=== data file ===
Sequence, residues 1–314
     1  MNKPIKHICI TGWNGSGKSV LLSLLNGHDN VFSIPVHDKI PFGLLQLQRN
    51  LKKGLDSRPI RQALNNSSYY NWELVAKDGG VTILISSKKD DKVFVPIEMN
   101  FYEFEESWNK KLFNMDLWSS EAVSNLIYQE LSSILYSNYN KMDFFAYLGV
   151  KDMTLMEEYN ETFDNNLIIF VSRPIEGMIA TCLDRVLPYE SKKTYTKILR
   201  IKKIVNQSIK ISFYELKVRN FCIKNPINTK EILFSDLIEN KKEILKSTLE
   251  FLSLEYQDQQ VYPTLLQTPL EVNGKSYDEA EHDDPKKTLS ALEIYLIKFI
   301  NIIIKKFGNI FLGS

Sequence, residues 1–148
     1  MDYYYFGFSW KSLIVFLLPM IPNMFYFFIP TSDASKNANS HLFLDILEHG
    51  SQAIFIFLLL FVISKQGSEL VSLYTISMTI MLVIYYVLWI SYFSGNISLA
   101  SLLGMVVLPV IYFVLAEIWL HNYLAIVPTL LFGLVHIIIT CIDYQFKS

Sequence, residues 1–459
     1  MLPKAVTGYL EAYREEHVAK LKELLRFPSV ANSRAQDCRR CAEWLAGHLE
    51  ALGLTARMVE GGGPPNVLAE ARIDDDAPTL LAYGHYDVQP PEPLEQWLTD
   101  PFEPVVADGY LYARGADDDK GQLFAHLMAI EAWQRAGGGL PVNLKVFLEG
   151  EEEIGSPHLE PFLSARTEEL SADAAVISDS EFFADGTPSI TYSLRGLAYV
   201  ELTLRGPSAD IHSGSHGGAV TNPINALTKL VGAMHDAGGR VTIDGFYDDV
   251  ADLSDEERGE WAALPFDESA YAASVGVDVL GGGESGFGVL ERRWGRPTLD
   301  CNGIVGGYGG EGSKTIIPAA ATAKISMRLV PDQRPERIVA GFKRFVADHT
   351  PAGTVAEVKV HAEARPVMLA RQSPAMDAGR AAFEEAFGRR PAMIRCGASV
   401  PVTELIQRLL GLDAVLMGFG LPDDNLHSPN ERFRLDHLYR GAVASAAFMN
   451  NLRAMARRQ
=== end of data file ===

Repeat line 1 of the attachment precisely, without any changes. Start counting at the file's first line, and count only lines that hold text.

Sequence, residues 1–314